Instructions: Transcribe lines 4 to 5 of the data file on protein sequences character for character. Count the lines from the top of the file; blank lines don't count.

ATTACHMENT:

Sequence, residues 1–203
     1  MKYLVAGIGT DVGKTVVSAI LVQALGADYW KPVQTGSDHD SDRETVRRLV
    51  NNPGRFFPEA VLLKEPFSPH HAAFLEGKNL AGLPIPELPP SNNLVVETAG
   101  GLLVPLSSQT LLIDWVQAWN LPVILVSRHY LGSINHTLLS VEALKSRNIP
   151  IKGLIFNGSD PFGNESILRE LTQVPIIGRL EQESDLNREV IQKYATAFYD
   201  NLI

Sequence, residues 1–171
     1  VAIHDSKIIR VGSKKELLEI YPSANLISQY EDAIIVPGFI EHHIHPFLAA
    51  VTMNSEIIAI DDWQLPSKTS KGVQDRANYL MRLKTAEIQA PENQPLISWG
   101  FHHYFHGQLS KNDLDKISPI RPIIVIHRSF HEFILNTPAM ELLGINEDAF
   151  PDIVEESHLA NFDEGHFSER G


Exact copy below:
   101  GLLVPLSSQT LLIDWVQAWN LPVILVSRHY LGSINHTLLS VEALKSRNIP
   151  IKGLIFNGSD PFGNESILRE LTQVPIIGRL EQESDLNREV IQKYATAFYD